with Oleg Shvaikovsky, December 13, 2016
This is an interview with Oleg Shvaikovsky for the Delovye Vedomosti newspaper on the challenges of personal information and data protection that we face in the near future.
Author: Anastasija Tido
Source: Delovye Vedomosti newspaper, No 44 (1005) of 7 December 2016, pages 6-7, “Человек будет вынужден жить так, чтобы нечего было скрывать”
Answering the questions: Oleg Shvaikovsky, member of the board at Nortal.
Oleg, what do you think is the point of antivirus software? Why do some specialists say it is merely to fool gullible customers? This market boasts a multibillion turnover. The world cannot entirely consist of easily deceived simpletons. Or can it?
Antivirus protection is not a illusion; it is necessary. Stating that antivirus software is useless because there are plenty of other threats on the net is downright inaccurate. Yes, there are numerous dangers, but if we want to draw an analogy here, it is the same as saying “there is no point in washing your hands if you smoke, drink alcohol and have an unhealthy lifestyle in general”. There is a point in washing your hands despite the fact that there are other risks in life. Indeed, there are plenty of threats on the net, but antivirus helps neutralise some of them.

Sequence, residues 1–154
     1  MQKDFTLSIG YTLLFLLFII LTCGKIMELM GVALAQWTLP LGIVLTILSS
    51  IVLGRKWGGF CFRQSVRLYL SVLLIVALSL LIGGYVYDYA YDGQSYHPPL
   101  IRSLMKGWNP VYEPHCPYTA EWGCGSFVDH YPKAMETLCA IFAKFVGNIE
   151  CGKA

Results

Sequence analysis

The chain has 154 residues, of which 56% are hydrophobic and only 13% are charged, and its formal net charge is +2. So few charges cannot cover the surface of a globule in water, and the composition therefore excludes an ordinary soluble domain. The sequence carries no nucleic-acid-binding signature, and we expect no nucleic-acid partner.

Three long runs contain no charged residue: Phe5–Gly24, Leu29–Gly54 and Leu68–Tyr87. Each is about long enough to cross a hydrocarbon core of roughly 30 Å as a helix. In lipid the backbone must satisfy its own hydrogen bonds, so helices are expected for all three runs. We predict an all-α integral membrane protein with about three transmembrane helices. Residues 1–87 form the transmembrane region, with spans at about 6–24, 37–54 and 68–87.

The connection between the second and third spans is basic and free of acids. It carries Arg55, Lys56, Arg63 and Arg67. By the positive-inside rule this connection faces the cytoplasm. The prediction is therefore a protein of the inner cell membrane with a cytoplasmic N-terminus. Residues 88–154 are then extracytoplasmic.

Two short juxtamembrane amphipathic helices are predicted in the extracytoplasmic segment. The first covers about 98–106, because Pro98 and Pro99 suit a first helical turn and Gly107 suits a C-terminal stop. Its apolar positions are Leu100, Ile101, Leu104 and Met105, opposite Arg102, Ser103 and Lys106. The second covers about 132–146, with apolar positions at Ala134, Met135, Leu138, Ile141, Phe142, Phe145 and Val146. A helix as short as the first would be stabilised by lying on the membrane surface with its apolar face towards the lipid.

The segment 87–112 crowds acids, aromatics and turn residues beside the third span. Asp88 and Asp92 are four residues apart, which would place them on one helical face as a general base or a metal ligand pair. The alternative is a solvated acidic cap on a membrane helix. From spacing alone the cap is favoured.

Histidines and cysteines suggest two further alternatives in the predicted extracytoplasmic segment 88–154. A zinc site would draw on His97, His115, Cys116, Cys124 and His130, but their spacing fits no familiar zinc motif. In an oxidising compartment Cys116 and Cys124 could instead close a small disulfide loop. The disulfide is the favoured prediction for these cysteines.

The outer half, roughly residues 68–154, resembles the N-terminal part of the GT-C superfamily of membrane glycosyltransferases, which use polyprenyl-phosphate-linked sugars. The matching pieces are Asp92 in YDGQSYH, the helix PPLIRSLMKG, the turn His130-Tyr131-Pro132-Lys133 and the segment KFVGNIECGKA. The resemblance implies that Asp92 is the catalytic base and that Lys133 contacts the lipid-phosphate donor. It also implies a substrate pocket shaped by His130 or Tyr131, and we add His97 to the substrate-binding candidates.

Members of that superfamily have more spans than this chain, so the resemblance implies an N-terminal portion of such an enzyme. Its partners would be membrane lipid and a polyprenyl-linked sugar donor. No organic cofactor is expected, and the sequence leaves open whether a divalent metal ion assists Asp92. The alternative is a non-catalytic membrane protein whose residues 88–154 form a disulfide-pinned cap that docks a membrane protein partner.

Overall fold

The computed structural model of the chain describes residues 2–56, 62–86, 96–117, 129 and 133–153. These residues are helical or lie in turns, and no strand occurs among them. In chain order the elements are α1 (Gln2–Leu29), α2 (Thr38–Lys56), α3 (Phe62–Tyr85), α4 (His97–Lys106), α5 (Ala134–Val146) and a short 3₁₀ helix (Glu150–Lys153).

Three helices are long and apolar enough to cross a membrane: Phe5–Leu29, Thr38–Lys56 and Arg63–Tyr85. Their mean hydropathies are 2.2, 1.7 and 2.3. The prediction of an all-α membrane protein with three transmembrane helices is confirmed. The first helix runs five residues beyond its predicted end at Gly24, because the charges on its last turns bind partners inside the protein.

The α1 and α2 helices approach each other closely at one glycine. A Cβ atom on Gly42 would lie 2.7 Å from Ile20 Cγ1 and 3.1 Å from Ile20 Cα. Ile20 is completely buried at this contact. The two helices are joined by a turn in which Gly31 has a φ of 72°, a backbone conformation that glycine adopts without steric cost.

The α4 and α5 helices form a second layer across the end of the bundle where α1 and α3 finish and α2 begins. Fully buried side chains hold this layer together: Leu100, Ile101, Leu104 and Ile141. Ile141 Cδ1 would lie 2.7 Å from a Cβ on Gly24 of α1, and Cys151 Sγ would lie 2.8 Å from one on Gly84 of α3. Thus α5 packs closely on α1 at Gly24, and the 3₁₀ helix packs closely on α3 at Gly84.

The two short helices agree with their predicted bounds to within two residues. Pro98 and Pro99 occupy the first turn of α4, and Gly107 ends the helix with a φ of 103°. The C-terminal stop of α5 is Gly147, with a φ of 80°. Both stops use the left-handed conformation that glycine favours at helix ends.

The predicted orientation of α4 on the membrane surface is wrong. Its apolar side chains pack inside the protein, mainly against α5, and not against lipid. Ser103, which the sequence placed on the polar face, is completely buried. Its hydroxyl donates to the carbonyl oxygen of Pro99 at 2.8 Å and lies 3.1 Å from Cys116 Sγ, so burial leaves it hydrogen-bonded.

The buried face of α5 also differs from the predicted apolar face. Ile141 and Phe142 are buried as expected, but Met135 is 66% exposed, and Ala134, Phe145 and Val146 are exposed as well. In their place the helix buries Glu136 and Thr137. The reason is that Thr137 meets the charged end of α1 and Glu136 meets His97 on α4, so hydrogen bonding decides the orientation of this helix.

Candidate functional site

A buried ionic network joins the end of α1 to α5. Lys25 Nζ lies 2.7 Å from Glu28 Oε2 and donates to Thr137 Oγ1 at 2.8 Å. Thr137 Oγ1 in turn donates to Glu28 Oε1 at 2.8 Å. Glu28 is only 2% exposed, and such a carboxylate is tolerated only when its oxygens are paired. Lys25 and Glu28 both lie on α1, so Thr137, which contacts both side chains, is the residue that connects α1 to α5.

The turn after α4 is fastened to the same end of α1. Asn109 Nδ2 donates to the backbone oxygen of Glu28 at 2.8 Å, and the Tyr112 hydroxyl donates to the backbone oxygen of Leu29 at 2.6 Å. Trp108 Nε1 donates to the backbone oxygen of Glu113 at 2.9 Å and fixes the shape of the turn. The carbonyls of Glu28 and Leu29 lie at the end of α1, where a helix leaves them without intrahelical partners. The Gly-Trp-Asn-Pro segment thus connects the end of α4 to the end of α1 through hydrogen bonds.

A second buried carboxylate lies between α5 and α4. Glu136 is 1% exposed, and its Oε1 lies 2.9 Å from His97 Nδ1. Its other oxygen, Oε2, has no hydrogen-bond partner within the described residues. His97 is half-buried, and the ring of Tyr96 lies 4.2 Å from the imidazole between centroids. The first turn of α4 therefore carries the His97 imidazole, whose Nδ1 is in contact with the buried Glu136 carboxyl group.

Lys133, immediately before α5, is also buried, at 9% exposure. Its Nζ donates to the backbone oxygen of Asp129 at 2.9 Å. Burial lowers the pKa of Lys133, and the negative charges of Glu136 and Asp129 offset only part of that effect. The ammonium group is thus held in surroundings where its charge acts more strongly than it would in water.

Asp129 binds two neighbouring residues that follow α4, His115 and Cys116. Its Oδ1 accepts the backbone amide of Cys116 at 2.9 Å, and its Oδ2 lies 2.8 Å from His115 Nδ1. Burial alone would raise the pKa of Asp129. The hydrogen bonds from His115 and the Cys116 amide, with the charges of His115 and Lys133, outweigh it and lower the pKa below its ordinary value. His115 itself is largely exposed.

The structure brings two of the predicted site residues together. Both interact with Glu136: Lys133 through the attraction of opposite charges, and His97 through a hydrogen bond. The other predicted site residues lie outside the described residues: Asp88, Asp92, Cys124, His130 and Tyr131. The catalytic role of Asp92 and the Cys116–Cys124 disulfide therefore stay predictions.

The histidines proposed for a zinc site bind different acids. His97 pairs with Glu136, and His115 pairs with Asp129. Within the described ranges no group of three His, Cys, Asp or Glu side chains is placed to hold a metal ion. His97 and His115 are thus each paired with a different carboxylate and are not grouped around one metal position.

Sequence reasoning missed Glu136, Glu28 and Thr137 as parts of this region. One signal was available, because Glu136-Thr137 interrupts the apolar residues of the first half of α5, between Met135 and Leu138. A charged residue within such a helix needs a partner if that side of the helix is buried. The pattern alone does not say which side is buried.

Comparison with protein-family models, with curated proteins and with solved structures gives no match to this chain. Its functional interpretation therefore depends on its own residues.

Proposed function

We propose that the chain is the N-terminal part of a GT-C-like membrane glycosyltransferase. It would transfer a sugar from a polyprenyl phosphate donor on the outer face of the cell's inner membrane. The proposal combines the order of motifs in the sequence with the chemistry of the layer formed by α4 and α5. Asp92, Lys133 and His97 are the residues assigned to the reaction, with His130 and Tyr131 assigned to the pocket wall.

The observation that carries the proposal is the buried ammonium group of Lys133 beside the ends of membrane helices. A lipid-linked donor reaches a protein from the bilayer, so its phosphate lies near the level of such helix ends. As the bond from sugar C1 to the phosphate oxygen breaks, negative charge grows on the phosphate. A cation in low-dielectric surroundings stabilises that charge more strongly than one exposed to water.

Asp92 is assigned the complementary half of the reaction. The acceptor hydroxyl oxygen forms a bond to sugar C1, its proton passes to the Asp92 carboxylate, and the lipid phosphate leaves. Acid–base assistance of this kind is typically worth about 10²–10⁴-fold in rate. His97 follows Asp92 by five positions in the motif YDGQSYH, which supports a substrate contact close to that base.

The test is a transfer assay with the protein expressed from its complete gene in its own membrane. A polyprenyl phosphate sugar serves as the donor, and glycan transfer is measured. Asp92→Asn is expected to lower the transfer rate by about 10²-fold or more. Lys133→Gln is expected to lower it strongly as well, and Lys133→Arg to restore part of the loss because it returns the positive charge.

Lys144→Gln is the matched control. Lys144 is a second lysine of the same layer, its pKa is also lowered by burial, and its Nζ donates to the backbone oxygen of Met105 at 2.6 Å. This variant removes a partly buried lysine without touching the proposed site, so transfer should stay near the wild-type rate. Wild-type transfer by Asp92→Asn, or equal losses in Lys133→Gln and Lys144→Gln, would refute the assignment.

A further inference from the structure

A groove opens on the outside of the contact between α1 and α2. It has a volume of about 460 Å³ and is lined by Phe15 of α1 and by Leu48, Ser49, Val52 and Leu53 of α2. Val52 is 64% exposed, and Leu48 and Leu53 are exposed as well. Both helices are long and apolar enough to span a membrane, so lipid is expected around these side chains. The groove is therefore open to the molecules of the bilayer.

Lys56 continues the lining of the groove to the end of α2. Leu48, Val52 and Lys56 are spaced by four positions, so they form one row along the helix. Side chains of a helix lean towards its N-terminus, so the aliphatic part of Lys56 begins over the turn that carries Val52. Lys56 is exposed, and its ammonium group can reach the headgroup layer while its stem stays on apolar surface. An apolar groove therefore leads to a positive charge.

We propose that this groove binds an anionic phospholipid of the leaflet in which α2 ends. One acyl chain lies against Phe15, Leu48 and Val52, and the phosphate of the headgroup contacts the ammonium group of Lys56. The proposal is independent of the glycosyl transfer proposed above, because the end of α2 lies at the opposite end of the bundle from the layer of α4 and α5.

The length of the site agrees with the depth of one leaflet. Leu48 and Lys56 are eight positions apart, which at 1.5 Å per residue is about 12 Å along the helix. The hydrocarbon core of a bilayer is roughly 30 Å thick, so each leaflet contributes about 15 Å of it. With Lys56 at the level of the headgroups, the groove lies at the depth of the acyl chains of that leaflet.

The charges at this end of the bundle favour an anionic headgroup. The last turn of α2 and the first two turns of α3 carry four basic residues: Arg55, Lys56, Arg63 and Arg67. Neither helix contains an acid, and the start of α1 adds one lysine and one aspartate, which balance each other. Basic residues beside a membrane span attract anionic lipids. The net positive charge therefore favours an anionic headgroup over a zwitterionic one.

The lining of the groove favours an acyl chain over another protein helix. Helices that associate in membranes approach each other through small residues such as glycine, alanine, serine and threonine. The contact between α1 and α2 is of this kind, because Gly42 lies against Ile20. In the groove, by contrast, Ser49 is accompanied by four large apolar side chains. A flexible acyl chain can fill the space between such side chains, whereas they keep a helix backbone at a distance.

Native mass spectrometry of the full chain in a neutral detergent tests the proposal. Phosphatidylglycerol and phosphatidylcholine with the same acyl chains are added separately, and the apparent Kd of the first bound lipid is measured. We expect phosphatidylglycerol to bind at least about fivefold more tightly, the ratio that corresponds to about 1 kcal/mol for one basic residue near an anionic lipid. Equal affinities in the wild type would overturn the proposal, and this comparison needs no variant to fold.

Two essentially different approaches can be distinguished in the context of computer security. One of them is protecting from the “outside-in” attack, and this is how antivirus software protects the computer perimeter. It knows where potential “holes” are located in your system and the approximate volume of your data the attackers can hypothetically access. I must digress at this point. The times when teenagers created viruses merely for the fun of it have long passed. Nowadays, viruses are coded for specific purposes, and the process has almost turned into industrial-scale production. As a rule, they are meant for acquiring data from users’ computers.
So, is there another approach?
Yes, the other approach implies the protection of the “inside-out” attacks. What does it mean? By analyzing the behavioral characteristics of a particular computer user, we can establish what exactly is unusual in their behaviour and what gives away a potential data leak. There are certain techniques to identify it. Behavioral characteristics displayed over a lengthy period are registered on a timeline, forming a pattern. Suppose, A works in the customer support division and processes the data of 20–30 customers daily. All of a sudden, the number of customers whose data have been processed by A rockets to 200 over a short period. This might mean that A is deliberately stealing the data or they are leaked somewhere else because the computer is infected by spyware. The latest spyware often does not download data in large quantities at a time, which would be easy to discover, but constantly downloads them in a thin trickle, which is far more complicated to identify.